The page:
The government further argues, “Plaintiffs and the district court could only speculate about the identities of carriers who have provided in the past, and are providing now, business records under the Section 215 program. There is likewise no
evidence to support the district court’s further speculation that the government must be collecting all telephone records from Verizon Wireless based on the mere fact that the government has acknowledged that the Section 215 program is broad in scope.”
Leon found this argument to be curious, as it appeared to contradict claims that the bulk metadata collection program could function only because it “creates an historical repository that permits retrospective analysis of terrorist-related communications accessed as new terrorist-associated telephone identifiers come to light.”
The judge stated:
Put simply, the government wants it both ways. Virtually all the government’s briefs and arguments to this court explain how the government has acted in good faith to create a comprehensive metadata database that serves as a potentially valuable tool in combating terrorism—in which case, the NSA must have collected metadata from Verizon Wireless, the single largest wireless carrier in the United States, as well as AT&T and Sprint, the second and third-largest carriers. Yet in one footnote, the government asks me to find that plaintiffs lack standing based on the theoretical possibility that the NSA has collected a universe of metadata so incomplete that the program could not possibly serve its putative function. Candor of this type defies common sense and does not exactly inspire confidence!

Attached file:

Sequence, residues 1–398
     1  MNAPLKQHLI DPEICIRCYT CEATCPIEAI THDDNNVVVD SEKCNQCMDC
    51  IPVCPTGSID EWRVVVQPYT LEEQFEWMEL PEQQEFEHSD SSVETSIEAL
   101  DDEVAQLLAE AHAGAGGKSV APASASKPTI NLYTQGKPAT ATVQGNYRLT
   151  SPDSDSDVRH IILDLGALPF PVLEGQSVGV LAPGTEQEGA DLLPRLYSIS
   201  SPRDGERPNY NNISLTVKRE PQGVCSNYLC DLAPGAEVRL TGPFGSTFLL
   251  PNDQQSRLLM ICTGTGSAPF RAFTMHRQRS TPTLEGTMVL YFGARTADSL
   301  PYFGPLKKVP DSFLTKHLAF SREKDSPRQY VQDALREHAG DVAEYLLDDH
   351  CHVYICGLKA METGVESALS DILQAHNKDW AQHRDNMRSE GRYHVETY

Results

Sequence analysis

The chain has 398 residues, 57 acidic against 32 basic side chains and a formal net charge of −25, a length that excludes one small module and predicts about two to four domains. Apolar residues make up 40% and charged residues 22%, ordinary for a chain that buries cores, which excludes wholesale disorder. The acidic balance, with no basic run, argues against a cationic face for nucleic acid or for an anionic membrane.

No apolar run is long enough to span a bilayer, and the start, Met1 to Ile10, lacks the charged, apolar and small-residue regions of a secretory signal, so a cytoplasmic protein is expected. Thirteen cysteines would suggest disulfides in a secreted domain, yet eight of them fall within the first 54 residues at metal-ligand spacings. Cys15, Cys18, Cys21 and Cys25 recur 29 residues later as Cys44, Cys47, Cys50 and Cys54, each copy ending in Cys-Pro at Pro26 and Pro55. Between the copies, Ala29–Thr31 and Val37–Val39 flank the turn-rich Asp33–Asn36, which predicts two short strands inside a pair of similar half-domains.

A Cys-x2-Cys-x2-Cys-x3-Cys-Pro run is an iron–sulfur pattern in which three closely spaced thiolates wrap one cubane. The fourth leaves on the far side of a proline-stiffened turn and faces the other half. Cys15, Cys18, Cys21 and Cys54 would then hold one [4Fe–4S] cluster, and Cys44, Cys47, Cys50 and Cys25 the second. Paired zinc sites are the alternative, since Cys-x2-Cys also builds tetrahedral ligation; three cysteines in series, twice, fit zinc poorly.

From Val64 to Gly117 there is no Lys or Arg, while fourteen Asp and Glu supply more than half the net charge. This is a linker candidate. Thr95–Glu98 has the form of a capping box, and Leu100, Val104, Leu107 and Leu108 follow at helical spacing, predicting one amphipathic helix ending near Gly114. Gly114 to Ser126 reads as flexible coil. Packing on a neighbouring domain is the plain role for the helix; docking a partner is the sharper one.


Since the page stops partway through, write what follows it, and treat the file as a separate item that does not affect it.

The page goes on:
The Justice Department also maintains that the plaintiffs have not established standing to sue based on their claims that the program “chills” or “might chill the activities of those who want to communicate with them.” They argue the “asserted chilling injuries are based on unexplained speculation.” However, if phone companies are collecting the records of millions of Americans, nobody knows who is swept up in that dragnet surveillance. There may very well be individuals who are not communicating with plaintiffs because they do not want their privacy to be violated.
Understandably, the government was particularly upset that Leon found a controlling precedent, Smith v. Maryland, to be outdated. That case had found pen registers to be constitutional, making a whole range of surveillance legally permissible.
But Leon suggested, “People in 2013 have an entirely different relationship with phones than they did thirty-four years ago. As a result, people make calls and send text messages now that they would not (really, could not) have made or sent back when Smith was decided.”